Are there any differences in work process for brands, magazines and advertising?


One thing that’s a clear difference is that with advertising the briefing is much more controlled and precise, and with magazines and brands I get usually more creative freedom.


When you were a beginner in illustration, how did you get your first commissions and what difficulties did you have?

My first commissions were through friends that were working in advertising and fashion. They were quite easy and fun to do. I think the first difficulties were with my first big assignment that was for Zara, where I had to produce 16 illustrations and I had a week to finish everything. I tried to be easy to work with and didn’t ask for more time, but then ended up doing 16-hour workdays for that entire week.

And what difficulties as a professional illustrator do you have now if any?


Freelancing always has its own difficulties, everything is unstable and I don’t really have good balancing routines. It’s also difficult to keep the creative process flowing and free and not to get stuck.



Is there any difference between an illustrator and an artist? Have you ever had an idea to become an artist?


It seems that without a conscious move from my side, I’m getting more and more into doing exhibitions. So my work is shifting more towards being an artist. Client work is an assignment and usually involves some sort of compromise. With artistic work there’s a total freedom of expression. I have also worked with glass for a few years, and have had exhibitions of my glass sculptures. This is something that I will also keep doing more in the future.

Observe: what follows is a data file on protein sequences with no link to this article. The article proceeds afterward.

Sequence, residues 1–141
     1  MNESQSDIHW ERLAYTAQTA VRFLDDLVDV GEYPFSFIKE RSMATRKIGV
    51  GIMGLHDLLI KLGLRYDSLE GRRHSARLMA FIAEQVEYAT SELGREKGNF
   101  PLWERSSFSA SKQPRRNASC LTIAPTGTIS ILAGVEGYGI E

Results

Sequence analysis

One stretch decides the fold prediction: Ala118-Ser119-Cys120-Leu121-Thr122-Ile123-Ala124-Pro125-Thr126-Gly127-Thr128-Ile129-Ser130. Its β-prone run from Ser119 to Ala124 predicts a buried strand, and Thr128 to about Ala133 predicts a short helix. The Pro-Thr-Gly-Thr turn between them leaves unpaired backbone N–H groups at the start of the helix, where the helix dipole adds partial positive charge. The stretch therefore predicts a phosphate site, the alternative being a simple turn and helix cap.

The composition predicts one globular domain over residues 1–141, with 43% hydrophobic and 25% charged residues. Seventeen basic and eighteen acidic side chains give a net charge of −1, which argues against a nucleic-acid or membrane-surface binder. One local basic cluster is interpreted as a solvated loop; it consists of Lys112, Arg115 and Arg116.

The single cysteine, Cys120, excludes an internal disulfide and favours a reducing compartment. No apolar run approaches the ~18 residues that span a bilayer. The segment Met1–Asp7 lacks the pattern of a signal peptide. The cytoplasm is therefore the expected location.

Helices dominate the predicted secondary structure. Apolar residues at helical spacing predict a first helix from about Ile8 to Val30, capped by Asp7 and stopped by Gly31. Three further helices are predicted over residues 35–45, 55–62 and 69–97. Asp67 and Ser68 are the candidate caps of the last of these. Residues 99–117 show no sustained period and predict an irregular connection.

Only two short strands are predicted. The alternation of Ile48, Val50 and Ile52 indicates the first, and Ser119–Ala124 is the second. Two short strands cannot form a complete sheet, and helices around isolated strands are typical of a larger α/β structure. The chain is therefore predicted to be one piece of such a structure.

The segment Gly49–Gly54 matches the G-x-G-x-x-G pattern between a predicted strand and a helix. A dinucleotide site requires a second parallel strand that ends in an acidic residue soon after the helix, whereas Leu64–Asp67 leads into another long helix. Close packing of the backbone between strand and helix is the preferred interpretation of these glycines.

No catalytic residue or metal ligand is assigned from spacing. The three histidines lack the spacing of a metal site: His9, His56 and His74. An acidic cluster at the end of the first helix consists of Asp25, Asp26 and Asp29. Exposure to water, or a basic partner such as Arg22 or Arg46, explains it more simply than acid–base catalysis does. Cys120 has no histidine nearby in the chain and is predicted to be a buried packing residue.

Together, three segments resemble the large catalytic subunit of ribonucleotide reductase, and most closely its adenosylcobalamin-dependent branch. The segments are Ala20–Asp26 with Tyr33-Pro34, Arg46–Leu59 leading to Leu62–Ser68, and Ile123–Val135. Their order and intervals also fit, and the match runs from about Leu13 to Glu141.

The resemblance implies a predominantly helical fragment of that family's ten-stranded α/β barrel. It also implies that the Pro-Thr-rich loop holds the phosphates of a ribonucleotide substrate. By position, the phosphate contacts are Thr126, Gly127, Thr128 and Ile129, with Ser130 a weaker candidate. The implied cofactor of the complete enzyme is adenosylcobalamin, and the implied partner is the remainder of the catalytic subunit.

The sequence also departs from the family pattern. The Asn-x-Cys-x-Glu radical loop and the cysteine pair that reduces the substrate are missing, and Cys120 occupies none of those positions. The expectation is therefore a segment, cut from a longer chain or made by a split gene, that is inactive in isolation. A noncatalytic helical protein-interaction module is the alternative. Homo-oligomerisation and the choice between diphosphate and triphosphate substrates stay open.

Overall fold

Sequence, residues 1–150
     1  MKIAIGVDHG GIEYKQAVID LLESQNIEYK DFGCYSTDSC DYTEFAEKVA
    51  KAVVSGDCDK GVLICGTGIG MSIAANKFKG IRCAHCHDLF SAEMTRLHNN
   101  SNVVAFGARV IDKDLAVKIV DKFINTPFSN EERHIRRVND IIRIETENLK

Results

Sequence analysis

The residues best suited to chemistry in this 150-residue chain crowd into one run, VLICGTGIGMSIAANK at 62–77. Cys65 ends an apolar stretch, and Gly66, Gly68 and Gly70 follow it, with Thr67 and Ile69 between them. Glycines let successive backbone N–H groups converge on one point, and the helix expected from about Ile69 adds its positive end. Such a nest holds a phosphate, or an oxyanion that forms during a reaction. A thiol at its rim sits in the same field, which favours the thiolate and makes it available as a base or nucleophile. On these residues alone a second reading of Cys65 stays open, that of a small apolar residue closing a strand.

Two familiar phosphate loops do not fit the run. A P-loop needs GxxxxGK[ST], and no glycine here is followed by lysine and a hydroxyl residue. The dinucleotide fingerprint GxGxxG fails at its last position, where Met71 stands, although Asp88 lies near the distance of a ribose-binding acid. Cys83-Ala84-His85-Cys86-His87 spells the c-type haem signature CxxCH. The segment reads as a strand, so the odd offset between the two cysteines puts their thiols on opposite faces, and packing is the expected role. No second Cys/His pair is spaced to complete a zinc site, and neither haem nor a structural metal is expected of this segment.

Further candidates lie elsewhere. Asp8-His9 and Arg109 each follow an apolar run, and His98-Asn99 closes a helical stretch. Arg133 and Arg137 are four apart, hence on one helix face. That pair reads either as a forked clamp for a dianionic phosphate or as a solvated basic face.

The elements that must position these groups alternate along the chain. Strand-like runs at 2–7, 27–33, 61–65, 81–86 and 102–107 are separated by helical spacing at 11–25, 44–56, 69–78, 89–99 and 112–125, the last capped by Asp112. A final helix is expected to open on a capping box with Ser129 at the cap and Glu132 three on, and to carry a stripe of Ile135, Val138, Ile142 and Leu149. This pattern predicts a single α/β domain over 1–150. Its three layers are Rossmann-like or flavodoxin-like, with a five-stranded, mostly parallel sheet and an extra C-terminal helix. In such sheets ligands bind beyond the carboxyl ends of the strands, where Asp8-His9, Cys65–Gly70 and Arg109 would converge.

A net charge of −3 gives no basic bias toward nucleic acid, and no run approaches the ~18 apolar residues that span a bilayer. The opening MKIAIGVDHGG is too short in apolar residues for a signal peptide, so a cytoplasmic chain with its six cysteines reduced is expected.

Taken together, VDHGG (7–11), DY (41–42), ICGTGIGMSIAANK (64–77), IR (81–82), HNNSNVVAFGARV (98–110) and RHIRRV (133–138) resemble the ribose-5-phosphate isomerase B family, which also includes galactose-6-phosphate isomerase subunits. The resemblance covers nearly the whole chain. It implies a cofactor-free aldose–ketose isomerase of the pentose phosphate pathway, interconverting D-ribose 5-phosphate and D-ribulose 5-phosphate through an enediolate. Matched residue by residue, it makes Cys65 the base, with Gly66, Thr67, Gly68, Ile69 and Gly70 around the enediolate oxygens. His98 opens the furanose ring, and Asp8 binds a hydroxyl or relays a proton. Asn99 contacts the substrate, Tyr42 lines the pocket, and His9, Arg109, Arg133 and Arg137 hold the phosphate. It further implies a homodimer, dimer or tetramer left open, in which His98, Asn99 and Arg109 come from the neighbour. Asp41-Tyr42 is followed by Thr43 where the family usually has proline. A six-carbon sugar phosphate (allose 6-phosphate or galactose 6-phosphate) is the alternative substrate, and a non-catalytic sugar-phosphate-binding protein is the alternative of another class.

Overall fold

I don’t feel that for myself I have a need to label myself as either this or that.

Do you have times when you feel like you don’t like the piece of work you do at the moment, feel dissatisfaction with yourself? How often does it happen and what do you usually do in that case?


Many many times! I’m usually very dissatisfied with the piece at one point or another during the process. I can make corrective moves while working, but sometimes I end up disliking the end result. The funny thing is, with time this can change completely, and with the new perspective I start liking it again. My theory is that when you stare at something long enough it will always start to look wrong somehow.


What do you think about life-drawing, do you do it or not? It’s a trend now to make fashion sketches from backstages at fashion weeks, do you do it?


I love it, and I think it’s really good for every illustrator. I should do it more but I don’t have enough time. I believe it’s the absolute best way to learn to draw a human body and different poses.
I’d never been drawing backstage, would be interested to give it a try.


You picture the materials very natural-like and detailed. Do you use references or you need to see the depicted object in real life?


I wish I always had the real piece of clothing in front of me but unfortunately this is almost never the case. I usually work with photographs. But I can research a piece of clothing further, if what I’m getting in the briefing is not enough. I do often material research also, and it helps if I have something physically at hand that can help with that. For example a leather jacket to study how leather shines in different angles.

I think my studies in fashion design also are a big help here, because I have basic understanding of patterns and the behaviour of different types of materials. So I can work quite far with just one small reference photograph.


“Not a day without a line” is that about you?

I don’t draw every day at all. For me the breaks help to keep the creative energy flowing.


Interviewer Mari Am


All the pictures belongs to Laura Laine